Subspecialty Careers: General Internal Medicine
What is an Internist?
Internal medicine physicians are specialists who apply scientific knowledge and clinical expertise to the diagnosis, treatment, and compassionate care of adults across the spectrum from health to complex illness.
The General Internist
General internists handle the broad and comprehensive spectrum of illnesses that affect adults, and are recognized as experts in diagnosis, in treatment of chronic illness, and in health promotion and disease prevention—they are not limited to one type of medical problem or organ system. General internists often care for patients over the duration of their adult lives, providing the physician an opportunity to establish long and rewarding personal relationships with their patients.
Most general internists provide care for their patients in an ambulatory (office or outpatient) setting, and in an inpatient setting when their patients become hospitalized. Still other general internists choose to care for patients either exclusively in the inpatient setting (often called hospitalists) or exclusively in an outpatient setting.
What Internal Medicine Means to Me Video
Meet some internists and hear about what internal medicine means to them.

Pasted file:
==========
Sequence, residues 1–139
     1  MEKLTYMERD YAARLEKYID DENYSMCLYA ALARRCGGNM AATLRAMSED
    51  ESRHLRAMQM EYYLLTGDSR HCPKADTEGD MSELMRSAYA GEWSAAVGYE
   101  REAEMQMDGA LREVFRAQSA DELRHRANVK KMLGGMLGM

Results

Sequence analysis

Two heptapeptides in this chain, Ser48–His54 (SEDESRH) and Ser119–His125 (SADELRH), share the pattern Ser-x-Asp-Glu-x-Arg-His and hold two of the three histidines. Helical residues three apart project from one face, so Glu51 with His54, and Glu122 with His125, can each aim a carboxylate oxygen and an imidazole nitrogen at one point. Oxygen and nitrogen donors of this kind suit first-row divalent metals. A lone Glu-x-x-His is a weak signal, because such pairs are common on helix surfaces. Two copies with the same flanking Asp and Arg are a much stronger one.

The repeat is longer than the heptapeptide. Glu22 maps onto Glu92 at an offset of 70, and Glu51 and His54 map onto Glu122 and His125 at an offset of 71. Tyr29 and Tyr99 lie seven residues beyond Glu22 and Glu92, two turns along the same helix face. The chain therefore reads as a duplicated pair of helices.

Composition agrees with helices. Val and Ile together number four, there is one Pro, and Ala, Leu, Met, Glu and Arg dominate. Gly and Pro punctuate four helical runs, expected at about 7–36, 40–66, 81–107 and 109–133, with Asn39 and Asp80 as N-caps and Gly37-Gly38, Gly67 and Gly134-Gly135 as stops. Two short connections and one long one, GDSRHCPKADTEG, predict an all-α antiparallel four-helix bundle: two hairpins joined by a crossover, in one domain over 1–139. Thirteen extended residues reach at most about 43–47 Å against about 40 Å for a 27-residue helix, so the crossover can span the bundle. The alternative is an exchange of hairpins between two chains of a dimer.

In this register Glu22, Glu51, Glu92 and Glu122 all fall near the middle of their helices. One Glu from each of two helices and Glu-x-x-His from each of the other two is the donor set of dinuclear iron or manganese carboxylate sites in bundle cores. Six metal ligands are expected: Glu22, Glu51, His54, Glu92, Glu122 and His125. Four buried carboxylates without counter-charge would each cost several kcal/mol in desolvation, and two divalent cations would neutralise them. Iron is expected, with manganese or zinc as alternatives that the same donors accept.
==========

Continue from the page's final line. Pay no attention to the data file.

After successful completion of medical school, those interested in becoming an internist will enter a residency program. Residency in internal medicine usually lasts three years, and residents work in a variety of settings, including university hospitals, community teaching hospitals, hospital outpatient clinics, and community physicians' offices. Residents assume progressive responsibility as they acquire various skills in treating hospitalized patients and gain competency in ambulatory care. The broad experience provided by three years of internal medicine residency provides the necessary training for practice as a general internist. For general internists who are interested in an academic career that includes a research component, a number of academic medical centers also offer general internal medicine fellowships following residency training.
For the 2014-2015 academic year, there were 396 Accreditation Council for Graduate Medical Education (ACGME)-accredited training programs with 24,477 trainees.
The American Board of Internal Medicine (ABIM) offers certification for physicians interested in pursuing the field of internal medicine.
Major Professional Society
Additional Information on Internal Medicine
Have questions about training and careers in internal medicine? Search the ACP Mentoring Database to find an internal medicine physician who can answer your questions.
Read Understanding Internal Medicine: A Guide for Medical Students for more details on history, structure, and FAQs on internal medicine.
Back to July 2015 Issue of IMpact